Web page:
Swimming Lessons reprinted with kind permission of Deanna Young and the Arc Poetry Society, Ottawa, Canada
by Deanna Young
Our children are bottom-feeders, feeling for a puck in the deep end. Floridian in fuchsia suits, they surface fish-eyed in goggles, gasp, and snort blue water. We sit on the sidelines, barefoot, tapping chlorinated puddles. Pass comments back and forth like cards. In my mind we are pressing the soles of our feet together. I never get my wish. The lesson is always over before I drag you to the deck, cup one hand under your chin, pinch your nose, and breathe myself into your lungs. Our children appear in garish towels, unrelated, though clearly the same species: purple around the gills, hair sleek as sealskin. Whatever happens they will all know how to swim. It is our job to see that nothing does happen. In the parking lot after balmy showers, blowfish bobbing around us in parkas, mouths steaming, you stretch, and mention how you spent the week knocking down a concrete wall. With your head? I wonder out loud. And later, what it takes to get through.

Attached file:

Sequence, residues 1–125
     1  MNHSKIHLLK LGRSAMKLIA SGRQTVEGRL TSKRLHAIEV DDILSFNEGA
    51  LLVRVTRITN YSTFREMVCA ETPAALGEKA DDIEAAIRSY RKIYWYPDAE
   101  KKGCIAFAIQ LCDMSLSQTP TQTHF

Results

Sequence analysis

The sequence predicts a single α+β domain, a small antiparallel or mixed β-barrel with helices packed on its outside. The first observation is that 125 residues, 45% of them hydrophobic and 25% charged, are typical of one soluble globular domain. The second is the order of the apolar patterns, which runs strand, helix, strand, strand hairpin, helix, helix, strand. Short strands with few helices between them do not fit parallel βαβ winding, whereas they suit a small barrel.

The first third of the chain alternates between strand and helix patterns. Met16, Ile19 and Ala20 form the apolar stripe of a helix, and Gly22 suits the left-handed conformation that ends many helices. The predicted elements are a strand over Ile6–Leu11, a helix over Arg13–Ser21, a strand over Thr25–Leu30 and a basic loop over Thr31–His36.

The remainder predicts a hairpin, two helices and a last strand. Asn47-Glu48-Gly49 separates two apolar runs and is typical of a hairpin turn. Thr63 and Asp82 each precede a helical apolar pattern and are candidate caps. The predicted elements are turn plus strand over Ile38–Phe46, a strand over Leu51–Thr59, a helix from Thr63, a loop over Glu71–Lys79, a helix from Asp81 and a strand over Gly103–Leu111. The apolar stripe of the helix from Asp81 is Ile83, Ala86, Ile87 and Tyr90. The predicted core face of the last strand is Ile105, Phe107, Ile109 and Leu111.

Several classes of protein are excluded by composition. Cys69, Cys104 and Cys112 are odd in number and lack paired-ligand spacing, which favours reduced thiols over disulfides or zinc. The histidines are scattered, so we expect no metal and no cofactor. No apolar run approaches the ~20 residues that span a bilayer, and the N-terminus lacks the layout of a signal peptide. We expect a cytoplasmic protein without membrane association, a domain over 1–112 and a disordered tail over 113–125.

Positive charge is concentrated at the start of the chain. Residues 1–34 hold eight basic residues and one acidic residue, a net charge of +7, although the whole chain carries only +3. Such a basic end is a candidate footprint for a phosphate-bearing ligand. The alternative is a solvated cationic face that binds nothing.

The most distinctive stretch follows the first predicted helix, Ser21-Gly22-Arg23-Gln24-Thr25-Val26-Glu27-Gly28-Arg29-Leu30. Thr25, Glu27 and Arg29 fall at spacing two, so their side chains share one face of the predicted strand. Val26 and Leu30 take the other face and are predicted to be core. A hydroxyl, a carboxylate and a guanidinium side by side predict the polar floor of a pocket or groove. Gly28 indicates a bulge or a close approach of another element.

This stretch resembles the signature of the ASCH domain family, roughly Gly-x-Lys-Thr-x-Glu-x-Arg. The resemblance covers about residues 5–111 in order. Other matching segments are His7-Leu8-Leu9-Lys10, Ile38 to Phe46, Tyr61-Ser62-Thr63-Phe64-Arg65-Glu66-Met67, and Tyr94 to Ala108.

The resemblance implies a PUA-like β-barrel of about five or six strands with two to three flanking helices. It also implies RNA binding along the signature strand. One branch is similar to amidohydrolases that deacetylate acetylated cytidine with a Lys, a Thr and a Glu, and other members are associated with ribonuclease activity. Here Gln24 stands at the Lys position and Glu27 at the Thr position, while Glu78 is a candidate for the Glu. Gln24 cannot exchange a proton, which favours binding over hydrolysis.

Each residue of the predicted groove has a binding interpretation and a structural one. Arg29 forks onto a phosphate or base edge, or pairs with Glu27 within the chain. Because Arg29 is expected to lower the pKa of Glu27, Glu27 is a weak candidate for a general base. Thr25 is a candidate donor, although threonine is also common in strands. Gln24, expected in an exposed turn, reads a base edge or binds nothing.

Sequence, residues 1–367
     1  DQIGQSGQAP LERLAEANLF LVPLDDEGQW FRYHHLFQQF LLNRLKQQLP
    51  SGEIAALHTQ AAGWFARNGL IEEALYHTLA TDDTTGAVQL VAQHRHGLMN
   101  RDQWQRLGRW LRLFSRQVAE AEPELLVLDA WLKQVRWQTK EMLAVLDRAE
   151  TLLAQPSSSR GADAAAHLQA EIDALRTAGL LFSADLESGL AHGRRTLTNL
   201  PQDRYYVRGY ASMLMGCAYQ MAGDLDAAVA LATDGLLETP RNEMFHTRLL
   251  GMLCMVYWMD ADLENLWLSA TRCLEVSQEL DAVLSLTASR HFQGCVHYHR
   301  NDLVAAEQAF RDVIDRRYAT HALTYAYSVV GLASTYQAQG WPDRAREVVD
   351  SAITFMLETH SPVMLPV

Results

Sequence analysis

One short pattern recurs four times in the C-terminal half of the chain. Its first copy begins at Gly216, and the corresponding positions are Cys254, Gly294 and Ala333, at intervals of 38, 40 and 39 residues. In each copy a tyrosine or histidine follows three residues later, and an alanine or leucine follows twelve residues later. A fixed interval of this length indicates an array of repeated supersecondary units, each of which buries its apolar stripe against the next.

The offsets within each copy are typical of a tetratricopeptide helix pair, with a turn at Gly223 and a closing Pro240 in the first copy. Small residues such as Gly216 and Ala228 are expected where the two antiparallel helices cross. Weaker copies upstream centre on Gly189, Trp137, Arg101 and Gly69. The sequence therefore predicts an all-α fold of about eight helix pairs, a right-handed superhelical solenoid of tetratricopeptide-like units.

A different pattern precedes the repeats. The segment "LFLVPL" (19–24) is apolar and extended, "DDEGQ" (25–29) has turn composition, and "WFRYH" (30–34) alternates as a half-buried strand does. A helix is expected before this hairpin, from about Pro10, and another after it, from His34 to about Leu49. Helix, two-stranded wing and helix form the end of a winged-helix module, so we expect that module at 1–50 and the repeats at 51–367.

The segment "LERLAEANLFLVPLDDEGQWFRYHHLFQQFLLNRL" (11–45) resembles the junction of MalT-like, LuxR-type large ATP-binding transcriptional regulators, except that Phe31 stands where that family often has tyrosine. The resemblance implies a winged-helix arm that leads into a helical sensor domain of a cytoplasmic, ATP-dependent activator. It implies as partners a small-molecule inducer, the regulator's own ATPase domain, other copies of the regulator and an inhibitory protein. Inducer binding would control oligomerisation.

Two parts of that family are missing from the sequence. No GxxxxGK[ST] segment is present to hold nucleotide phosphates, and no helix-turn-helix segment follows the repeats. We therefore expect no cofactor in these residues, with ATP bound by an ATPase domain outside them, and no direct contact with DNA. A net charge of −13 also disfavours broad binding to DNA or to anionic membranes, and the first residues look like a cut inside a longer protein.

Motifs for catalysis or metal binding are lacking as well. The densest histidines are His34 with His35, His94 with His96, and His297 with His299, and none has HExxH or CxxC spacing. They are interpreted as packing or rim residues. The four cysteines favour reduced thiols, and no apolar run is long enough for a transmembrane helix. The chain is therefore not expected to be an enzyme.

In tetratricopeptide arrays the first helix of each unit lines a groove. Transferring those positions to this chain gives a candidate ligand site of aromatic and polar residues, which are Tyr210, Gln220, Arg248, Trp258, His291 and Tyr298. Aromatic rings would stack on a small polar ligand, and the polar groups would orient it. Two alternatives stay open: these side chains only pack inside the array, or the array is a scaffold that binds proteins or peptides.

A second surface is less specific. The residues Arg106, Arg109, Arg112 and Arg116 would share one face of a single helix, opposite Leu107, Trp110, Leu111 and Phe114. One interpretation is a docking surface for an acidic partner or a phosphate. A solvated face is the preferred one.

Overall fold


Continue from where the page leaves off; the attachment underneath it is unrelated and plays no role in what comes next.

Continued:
——————————————————————————– 3rd Prize, Poem of the Year Contest 2003 Arc 51, Winter 2003
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